The California Department of Education has released updated statewide results on its new, online accountability and improvement system – the California School Dashboard. This accountability system was first unveiled to the public last spring and provides a wealth of new information to assist parents, educators, and the public in evaluating schools and districts.
The California School Dashboard is designed to help communities across the state access important information about K–12 districts and schools. The Dashboard website features easy-to-read reports on multiple measures of school success, including test scores, graduation rates, English learner progress, suspension rates and two new state measures – chronic absenteeism and a college and career indicator.
Local indicators include school climate, parent engagement, basic services, and implementation of the new state curriculum standards. It is important to note that chronic absenteeism and the college and career indicator will not have a color associated with it until fall 2018, at which time will include 2017-18 school data.
There are three key concepts to the development of the Dashboard. First, the California School Dashboard is comprised of multiple measures and does not rely exclusively on test scores. Second, the dashboard focuses on equity and includes detailed data about student and school performance broken down in to sub-groups of students. And third, the Dashboard supports local decision-making by making data easy to understand for schools and communities and support the existing Local Control Funding Formula and Local Control Accountability Plans for each school district.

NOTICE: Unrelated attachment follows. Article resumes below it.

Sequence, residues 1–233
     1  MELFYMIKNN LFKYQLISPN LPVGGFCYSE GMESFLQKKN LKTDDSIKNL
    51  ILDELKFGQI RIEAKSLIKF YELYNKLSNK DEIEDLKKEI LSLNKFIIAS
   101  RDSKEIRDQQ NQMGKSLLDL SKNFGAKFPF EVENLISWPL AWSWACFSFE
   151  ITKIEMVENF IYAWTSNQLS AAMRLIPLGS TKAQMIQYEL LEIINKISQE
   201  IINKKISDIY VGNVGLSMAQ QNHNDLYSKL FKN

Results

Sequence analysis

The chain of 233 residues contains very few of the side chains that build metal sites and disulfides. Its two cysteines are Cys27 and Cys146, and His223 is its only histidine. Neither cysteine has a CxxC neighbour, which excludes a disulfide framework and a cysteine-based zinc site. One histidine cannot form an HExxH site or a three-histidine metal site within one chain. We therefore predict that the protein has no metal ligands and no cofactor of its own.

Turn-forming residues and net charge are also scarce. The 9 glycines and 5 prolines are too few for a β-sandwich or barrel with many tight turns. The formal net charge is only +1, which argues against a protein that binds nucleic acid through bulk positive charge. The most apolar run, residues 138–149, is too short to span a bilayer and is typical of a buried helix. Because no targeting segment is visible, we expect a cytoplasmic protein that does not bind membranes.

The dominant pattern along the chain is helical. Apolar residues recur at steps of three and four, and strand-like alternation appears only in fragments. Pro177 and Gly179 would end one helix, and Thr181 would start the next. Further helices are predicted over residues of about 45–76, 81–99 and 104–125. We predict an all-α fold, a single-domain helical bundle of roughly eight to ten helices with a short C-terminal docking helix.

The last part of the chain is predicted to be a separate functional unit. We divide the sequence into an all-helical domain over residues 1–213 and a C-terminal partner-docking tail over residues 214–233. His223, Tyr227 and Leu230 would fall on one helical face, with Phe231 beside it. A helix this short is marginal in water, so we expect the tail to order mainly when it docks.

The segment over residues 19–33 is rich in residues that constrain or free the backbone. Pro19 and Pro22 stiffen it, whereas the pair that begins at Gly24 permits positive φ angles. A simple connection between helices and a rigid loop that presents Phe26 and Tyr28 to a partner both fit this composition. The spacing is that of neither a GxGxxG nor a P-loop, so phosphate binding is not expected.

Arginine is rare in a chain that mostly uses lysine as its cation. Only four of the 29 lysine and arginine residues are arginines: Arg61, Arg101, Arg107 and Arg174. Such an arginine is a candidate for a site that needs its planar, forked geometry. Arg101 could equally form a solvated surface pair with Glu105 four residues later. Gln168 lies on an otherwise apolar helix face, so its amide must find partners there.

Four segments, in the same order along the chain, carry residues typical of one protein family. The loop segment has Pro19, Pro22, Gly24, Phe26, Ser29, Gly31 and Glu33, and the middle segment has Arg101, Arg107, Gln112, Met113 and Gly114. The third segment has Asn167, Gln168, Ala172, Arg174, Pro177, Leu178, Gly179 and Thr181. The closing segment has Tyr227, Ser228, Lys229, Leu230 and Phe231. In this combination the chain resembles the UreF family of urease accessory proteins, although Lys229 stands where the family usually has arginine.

Humboldt County Superintendent of Schools, Dr. Chris Hartley, agrees that the Dashboard is a useful tool. “This Dashboard is rich with data for Humboldt County schools and parents to gauge areas of strength and opportunities for the future and provides a framework for the general public to more easily measure growth and achievement across a variety of metrics.”
The Dashboard is part of California’s new school accountability system based on 2013’s Local Control Funding Formula. It is the next step in a series of major shifts in public education, changes that have raised the bar for student learning, transformed testing and put the focus on equity.
Distribution of test scores and changes from prior year across the county mirrors that of the state for grades 3-8 for the general population. Some achievement gaps exist which are also similar to those across the state and these gaps will help districts zero in on opportunities for improvement.
An important consideration to note is that small school and district sizes in Humboldt County add a layer of difficulty in viewing the data since the impact of just one student is magnified in comparison to a large district.
Locally, Humboldt County is showing a graduation rate two percent higher than the state rate.
Additional information can be found at the California Department of Education’s California Accountability Model and School Dashboard website.